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Kayak tours on Long Island are more personal and tailored

Kayakers in Coecles Harbor on Shelter Island.

Kayakers in Coecles Harbor on Shelter Island. Credit: Marianne P. Stone

If ever a place was made for kayaking, it’s Long Island. With shallow lakes and ponds, saltwater bays, harbors and marshlands, plus tidal creeks, rivers and even ocean water on which to launch, access is easy, wildlife is a paddle length away and exercise is available for both body and soul.

If you don’t own your own kayak, no worries — there are plenty of paddling shops where you can rent one. You might also consider taking a kayak tour. Several shops offer these, and for less cost than you might expect.

A typical kayak rental costs between $25 and $45 per hour based on the size and type of craft. Whereas sit-in kayaks once led the pack, most kayak rental shops now offer sit-on-top styles that are more stable and dryer to operate. The big choice you’ll need to make, says Vinny Baratta, a sales associate at Captain Kayak in Sayville, is choosing between a paddle kayak or a pedal kayak. The former is more traditional while the latter is favored by anglers because it affords hands-free operation.
“If you are thinking about buying a kayak,” advises Mike Fehling at Empire Kayaks in Island Park, take some rental trips first. Head out for an hour or two rather than renting for a full day. Explore a marsh or try clamming, sightseeing and fishing. Choosing a different kayak type each time out will help determine which suits you best.”

“Taking an eco-tour is a great idea, too, says Kevin Rodgers, a high school science teacher and naturalist who also works at Empire Kayaks. “Our wetlands are full of life that people never notice. Most kayakers, for example, look up as they paddle in the hopes of seeing marsh birds, but they mostly miss the turtles, baitfish and fiddler, blue or horseshoe crabs right under their feet.”
Another perk of a guided tour is easy access to the best launching sites minus parking issues and town restrictions, says Lars Svanberg, owner of Main Beach Surf and Sport in Wainscott. This shop organizes tours that offer views of East End mansions and marine life, and sometimes include extras like a clambake.
For simply getting away from it all, few kayak tours can match the solitude of Shelter Island’s Coecles Harbor. Shelter Island Kayak Tours schedules a daily tour through Labor Day but can accommodate groups at other times as well.
“It’s really beautiful and quiet here,” says owner Jay Damuck. “You’ll see osprey, hawks, egrets and sea turtles. Afterwards, you can spend some time at a local beach and then grab a bite to eat.”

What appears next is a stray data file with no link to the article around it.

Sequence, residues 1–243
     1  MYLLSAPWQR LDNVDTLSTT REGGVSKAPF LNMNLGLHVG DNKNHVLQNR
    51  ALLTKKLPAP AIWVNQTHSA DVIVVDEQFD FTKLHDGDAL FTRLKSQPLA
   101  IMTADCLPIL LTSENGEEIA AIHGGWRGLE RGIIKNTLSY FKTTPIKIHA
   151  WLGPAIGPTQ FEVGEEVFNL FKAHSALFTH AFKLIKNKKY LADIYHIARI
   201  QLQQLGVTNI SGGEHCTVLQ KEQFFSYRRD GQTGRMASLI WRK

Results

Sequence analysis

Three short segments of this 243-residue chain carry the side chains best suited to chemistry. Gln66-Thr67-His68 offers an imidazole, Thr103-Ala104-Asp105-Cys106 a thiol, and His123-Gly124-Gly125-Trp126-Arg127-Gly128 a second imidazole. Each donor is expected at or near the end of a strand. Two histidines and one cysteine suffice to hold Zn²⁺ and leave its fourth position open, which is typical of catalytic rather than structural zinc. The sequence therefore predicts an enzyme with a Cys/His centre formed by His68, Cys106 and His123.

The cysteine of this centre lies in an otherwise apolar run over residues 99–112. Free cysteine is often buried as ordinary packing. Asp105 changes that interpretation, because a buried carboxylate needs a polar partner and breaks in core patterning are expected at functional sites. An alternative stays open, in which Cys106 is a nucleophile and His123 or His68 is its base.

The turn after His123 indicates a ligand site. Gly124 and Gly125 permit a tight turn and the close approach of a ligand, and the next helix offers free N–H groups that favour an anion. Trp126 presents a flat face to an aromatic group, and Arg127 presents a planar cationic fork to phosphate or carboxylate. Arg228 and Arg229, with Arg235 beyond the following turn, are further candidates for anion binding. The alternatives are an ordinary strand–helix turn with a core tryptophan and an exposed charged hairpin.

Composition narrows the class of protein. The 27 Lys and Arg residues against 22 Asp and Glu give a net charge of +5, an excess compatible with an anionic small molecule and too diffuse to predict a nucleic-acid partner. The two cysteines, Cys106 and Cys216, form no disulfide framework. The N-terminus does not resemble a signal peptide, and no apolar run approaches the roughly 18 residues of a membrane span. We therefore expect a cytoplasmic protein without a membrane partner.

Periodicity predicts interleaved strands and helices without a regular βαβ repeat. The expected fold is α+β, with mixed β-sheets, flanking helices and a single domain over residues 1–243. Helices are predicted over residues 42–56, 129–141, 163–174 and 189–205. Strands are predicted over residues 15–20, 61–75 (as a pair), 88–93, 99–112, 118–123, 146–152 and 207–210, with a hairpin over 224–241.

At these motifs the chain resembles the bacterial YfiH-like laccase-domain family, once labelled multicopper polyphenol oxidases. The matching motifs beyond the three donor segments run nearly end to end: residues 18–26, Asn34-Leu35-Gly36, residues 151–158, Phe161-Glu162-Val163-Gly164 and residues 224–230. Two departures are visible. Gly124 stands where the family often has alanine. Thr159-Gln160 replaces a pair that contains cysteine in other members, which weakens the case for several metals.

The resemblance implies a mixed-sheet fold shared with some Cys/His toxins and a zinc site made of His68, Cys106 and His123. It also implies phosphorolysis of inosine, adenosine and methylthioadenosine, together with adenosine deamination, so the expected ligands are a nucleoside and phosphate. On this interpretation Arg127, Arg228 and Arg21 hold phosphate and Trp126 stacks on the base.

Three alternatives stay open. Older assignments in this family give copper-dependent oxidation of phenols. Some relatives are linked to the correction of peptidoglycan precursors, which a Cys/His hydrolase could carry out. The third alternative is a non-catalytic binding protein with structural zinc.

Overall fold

At Stony Brook Harbor Kayak and Paddleboard Rentals, Nick Barbera’s favorite tour for group outings pushes up into West Meadow Creek on Stony Brook Harbor, where there’s plenty of wildlife, including birds, turtles, crabs and smaller sea creatures, plus the possibility of being surrounded by schools of bunker.
“It’s just really awesome when you paddle through the pods of big, silvery baitfish,” he says. “Sometimes there are thousands and thousands of them in this area.”

Empire Kayaks, Island Park (rentals, sales, tours)
TOUR: TYPES Marsh, fishing, fitness
INFO: 516-889-8300,

Stony Brook Harbor Kayak and Paddleboard Rentals (rentals, tours)
TOUR TYPES: Harbor wetlands
INFO: 631-834-3130,

JK Kayak Tours, Cold Spring Harbor (rentals, tours, mobile locations)
TOUR TYPES: Sightseeing from Cold Spring Harbor to the Hamptons.
INFO: 800-489-0398,

The Waterfront Center, Oyster Bay (rentals, tours)
TOUR TYPES: Sunset paddles
INFO: 516-922-7245,

Shelter Island Kayak Tours (rentals, tours)
TOUR TYPES: Coecles Harbor sightseeing
INFO: 631-749-1990,

Main Beach Surf and Sport, Wainscott (rentals, tours)
TOUR TYPES: Sightseeing, clam bakes, moonlight
INFO: 631-537-2716,

Captain Kayak, Sayville and East Quogue (rentals, sales)
Specializes in Fishing Kayaks
INFO: 631-750-2587 (Sayville); 631-484-0806,

Peconic Paddler, Riverhead (rentals, sales)
INFO: 631-727-9895,

Kayaking is pretty basic and stowage room is always limited, so travel light. Be sure to pack some sunblock, and you’ll want bug spray, too — especially if going on a wetlands or moonlight tour. Something to drink is also a necessity. Pack lunch or a snack if you’ll be out for more than an hour or two.

In terms of clothing, a bathing suit or shorts makes sense during the warmer months, but you’ll also want a long-sleeved shirt to defend against the sun on particularly bright days or when the sea breezes and temperature drops kick in on afternoon and evening adventures. A hat is important, too, especially if you are prone to sunburn on the scalp.
If you plan to carry a cellphone, bring a waterproof holder. Personal flotation devices are supplied by the tour.

Lastly, be sure to bring a pair of polarized sunglasses. These will protect your eyes from the sun during the course of the trip and also cut through the glare so you can see deeper into the water.


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